Can Betong chicken become as famous as Japan's wagyu?
A business group in Yala's Betong district plans to make its chicken as famous as Japanese wagyu beef, which would not only help out local farmers hit by low rubber prices, but also boost tourism in Thailand's southernmost province.
When speaking of the best ingredient for Hainanese chicken rice in Thailand, the name of Betong chicken is always at the top of the list.
However, the popularity of this strain of chicken in the far South was not earned easily.
Thananrat Udomthanyarat, known locally as "Ko Chang", worked hard to set up a farmer group to raise Betong chickens and is devoted to making this local speciality world-renowned.
The sound of chickens cackling can be heard in a newly founded village in Betong district dedicated to raising the birds.
In the midst of mountains and lush forest, a small chicken farm can be seen within a rubber plantation.
It may look simple, but this farm supplies the market with rare and expensive Betong chickens, which can be sold for up to Bt1,000 each.
Akeksasit Thareelapraksa, a member of the Betong chicken farmer group, said the pristine nature of this part of Yala and freerange-style farming were the prime advantages for raising this breed, as the birds live in a clean environment and forage their food naturally, which makes their meat tender and fragrant.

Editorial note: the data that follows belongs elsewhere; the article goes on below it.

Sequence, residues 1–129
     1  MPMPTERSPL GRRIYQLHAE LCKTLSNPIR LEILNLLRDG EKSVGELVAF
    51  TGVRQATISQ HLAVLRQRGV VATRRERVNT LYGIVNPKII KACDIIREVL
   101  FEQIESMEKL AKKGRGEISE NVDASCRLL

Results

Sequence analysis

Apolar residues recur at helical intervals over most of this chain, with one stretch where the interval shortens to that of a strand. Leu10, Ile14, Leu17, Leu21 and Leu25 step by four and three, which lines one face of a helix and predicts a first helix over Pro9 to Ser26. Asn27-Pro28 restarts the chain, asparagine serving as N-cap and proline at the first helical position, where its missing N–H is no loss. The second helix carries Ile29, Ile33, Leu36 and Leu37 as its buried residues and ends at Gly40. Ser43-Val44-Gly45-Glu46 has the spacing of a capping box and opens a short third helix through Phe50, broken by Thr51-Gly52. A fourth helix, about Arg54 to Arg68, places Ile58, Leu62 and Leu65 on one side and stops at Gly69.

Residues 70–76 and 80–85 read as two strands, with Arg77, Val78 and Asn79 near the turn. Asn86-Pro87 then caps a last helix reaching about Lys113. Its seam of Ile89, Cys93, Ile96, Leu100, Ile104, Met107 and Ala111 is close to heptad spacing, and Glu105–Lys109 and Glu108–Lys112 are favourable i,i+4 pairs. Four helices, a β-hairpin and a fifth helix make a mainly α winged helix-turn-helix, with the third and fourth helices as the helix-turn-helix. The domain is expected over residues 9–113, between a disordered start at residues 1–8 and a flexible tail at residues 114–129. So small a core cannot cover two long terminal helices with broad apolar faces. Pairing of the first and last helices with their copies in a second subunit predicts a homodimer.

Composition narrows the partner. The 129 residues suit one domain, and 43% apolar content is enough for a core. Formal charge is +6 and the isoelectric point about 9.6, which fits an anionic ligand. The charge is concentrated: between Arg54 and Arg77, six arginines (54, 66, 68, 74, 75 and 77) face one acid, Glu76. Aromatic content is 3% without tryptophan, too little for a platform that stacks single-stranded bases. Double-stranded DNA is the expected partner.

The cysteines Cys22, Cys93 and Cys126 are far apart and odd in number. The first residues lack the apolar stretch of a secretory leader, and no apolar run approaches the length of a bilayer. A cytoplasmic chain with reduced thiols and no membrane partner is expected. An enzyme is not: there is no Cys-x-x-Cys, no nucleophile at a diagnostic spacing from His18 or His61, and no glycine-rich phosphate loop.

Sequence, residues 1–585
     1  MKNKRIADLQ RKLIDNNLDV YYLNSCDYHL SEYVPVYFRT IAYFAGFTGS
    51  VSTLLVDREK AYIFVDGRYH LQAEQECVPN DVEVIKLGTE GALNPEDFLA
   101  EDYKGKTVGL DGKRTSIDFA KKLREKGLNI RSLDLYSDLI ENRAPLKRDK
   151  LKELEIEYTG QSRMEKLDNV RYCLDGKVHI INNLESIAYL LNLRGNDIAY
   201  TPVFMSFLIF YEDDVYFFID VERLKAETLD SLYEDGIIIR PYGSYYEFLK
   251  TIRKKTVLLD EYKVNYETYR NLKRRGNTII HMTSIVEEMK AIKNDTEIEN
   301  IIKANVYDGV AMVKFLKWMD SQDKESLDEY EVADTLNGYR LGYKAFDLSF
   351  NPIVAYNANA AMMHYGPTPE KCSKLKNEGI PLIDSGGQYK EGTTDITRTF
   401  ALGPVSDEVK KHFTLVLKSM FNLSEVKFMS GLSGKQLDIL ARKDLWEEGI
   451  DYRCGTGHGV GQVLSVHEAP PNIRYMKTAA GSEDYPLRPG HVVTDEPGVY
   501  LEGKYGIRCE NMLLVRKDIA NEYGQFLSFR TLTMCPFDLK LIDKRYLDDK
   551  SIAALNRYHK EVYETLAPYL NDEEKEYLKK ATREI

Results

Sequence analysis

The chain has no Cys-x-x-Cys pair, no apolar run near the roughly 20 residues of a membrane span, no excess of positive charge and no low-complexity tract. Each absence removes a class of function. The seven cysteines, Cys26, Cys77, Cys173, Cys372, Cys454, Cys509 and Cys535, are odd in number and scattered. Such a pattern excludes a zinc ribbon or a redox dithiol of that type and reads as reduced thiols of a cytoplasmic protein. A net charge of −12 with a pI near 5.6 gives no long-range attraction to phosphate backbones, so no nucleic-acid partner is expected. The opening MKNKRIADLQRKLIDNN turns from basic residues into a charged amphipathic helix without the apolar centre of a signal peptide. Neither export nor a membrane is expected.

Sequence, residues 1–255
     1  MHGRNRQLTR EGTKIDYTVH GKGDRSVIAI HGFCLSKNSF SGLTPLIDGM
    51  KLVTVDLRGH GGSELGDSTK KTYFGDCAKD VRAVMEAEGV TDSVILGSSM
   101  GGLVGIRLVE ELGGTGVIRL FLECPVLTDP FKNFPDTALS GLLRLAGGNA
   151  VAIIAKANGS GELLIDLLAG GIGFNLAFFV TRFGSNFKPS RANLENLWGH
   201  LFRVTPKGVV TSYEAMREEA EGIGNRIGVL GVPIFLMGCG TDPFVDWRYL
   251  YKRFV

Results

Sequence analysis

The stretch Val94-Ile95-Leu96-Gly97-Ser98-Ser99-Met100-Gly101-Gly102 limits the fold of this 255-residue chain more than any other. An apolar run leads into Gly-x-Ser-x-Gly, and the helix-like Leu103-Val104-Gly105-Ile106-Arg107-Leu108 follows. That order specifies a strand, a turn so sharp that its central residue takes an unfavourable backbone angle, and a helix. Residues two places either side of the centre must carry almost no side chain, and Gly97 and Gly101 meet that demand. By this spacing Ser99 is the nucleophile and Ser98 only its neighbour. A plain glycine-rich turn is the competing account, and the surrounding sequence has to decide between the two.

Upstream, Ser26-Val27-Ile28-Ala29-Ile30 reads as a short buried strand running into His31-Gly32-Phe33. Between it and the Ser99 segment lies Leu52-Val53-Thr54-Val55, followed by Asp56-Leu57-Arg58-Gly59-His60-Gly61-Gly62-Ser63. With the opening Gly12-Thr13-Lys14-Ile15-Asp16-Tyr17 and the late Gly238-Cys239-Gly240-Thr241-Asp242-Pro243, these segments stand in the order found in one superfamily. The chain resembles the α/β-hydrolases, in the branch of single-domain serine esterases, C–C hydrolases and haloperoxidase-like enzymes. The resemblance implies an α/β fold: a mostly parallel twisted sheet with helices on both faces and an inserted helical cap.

"We cannot raise Betong chickens on an industrial scale, or else they would be the same as other farms' chickens, so Ko Chang set up the farmer group, which has 20 members, to raise Betong chicken in small coops and let our members raise the chickens under the same brand," Akeksasit said.
He said that under this system, each member buys chicks from Ko Chang's farm, and the group gathers money to buy antibiotics and supplementary foods for the birds, but each member will receive full profit from his or her chicken sales.
Ko Chang opened a Hainanese chicken rice restaurant in Betong city so the group could sell their poultry directly to the customers.
"This style of management allows us to benefit the local farmers, who earlier depended financially on rubber only. Now they can have a special income and have a better life, as they can receive at least Bt60,000 a month from the sale of 100 chickens," he said.
Akeksasit said that because of the popularity of Betong chicken, there was always high demand for it, but Ko Chang and his team decided not to expand production, because they wanted to control the quality of the product.
He said that currently the overall production rate was only 2,000 chickens per month.
"This is one of our tactics to make our chicken more special. We will not sell Betong chicken elsewhere, as we still cannot fill the demand in our home town, and anyone who wants to try our famous chicken must visit Betong. It is just like if you want to taste genฌuine wagyu, you have to visit Japan," he said.
Akeksasit said the farmer group and the Yala Provincial Agricultural Office were trying to have Betong chicken certified as a Geographical Indication product, as the breed cannot be raised elsewhere and have the same meat texture.
"Farmers are always branded by the big conglomerates as we are only the producers, but with our business, we have proved that farmers can link directly to consumers and increase their product's value without letting middlemen take benefits away from us," he added.